Put simply, the Eurozone crisis is the result of flying in the face of economic reality. A monetary union with one size fits all interest rates set in Frankfurt and imposed on 17 nation states with very different economies was a project doomed to failure from the start.
What is more, the nominal Eurozone interest rate masked great gulfs in real interest rates, fuelling extraordinary real estate bubbles in Ireland and Spain. These burst, leaving those countries with a legacy of ghost estates – rows of unfinished properties and thousands of brand new houses left unsold.
There was, however, one winner from all this.
From the creation of the Euro up until the 2008 banking crisis, Germany’s current account balance has improved by over $200 billion, whilst the total balance for the so called PIIGS worsened by over $300 billion.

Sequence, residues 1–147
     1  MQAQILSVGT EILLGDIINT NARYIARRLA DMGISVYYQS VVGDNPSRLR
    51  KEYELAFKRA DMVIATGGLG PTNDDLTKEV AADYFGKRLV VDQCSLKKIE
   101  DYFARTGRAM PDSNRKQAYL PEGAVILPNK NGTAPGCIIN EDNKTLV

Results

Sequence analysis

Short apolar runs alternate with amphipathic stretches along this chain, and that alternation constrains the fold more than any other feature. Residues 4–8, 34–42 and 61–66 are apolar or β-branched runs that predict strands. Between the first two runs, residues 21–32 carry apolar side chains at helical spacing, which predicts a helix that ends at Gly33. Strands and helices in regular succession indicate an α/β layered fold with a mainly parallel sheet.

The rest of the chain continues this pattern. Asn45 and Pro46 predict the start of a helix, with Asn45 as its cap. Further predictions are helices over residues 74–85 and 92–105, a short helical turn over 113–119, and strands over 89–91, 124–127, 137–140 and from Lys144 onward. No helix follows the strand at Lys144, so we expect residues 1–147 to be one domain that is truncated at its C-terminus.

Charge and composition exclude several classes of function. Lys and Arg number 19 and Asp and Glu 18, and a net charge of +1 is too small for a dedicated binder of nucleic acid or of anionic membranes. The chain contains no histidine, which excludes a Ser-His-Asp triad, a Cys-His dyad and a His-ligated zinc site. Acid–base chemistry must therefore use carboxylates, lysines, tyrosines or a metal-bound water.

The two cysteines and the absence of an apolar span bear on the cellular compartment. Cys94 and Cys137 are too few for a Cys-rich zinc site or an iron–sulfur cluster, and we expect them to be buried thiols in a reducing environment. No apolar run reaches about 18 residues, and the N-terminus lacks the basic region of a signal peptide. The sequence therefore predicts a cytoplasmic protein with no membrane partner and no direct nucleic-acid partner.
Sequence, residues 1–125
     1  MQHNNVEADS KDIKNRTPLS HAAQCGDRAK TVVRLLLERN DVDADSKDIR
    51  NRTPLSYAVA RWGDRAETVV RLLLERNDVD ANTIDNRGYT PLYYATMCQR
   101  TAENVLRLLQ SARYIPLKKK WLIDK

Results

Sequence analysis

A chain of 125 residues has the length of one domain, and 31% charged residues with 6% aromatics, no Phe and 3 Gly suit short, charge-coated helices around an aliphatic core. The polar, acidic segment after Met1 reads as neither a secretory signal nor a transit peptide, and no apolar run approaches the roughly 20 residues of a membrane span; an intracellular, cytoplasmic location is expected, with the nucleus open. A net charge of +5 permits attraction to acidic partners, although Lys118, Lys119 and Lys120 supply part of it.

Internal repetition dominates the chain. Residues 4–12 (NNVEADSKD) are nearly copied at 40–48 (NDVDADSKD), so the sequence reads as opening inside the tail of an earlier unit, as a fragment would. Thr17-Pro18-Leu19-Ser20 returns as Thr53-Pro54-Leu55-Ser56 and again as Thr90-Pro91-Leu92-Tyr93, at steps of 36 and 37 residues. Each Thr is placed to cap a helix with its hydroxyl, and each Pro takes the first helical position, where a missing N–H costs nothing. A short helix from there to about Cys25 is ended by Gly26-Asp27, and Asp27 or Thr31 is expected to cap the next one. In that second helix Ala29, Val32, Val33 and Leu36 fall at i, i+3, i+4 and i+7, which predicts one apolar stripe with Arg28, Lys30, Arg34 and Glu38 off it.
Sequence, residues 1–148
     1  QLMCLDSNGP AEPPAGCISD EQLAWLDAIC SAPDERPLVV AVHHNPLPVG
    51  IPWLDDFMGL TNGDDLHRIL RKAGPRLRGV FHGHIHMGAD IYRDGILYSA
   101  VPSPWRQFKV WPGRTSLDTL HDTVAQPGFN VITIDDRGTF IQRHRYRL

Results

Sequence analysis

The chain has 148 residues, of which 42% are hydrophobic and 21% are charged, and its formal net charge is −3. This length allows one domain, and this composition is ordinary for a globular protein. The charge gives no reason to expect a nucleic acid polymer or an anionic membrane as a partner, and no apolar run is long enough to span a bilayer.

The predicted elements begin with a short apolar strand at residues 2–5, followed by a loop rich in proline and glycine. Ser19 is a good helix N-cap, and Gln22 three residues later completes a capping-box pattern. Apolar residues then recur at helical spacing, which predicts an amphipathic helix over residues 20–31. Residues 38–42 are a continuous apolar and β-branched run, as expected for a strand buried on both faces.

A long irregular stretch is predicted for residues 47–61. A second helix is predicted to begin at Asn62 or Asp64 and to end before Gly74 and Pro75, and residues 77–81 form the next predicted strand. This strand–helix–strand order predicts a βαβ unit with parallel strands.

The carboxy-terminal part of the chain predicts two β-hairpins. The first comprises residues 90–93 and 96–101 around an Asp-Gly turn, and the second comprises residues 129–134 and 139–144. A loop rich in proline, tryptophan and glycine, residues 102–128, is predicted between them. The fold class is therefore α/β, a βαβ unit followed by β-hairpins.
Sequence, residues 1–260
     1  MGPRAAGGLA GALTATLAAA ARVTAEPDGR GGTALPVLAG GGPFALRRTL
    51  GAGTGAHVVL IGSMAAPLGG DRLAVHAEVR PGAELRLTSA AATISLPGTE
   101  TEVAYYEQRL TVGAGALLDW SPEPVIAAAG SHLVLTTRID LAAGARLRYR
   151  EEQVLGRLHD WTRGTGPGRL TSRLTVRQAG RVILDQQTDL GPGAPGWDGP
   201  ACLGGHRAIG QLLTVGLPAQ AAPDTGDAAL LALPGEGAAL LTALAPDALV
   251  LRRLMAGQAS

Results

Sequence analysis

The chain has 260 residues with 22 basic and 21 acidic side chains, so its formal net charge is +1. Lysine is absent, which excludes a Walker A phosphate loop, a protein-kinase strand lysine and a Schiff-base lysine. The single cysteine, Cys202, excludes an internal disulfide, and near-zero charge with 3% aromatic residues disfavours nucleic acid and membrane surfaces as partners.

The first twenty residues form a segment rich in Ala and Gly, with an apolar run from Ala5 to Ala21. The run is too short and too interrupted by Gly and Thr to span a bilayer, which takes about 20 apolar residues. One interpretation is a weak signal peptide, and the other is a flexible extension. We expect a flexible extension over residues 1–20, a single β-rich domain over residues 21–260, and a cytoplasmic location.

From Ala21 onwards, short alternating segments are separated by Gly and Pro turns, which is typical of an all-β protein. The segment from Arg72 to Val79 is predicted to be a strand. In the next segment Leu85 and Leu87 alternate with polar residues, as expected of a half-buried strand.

These trends were almost exact mirror images, because they are both direct consequences of membership of the Euro.
So for all its complaints about shouldering the costs of the Euro crisis, Germany is a massive beneficiary of the Euro. Accordingly, for reasons of economic self-interest as well as its commitment to the federal European project, Germany will not countenance any of the solutions that will fix the deficit problems for the PIIGS – namely splitting the Euro or allowing them to exit.
All other options are just palliatives – nothing more than bandaging over the gangrene.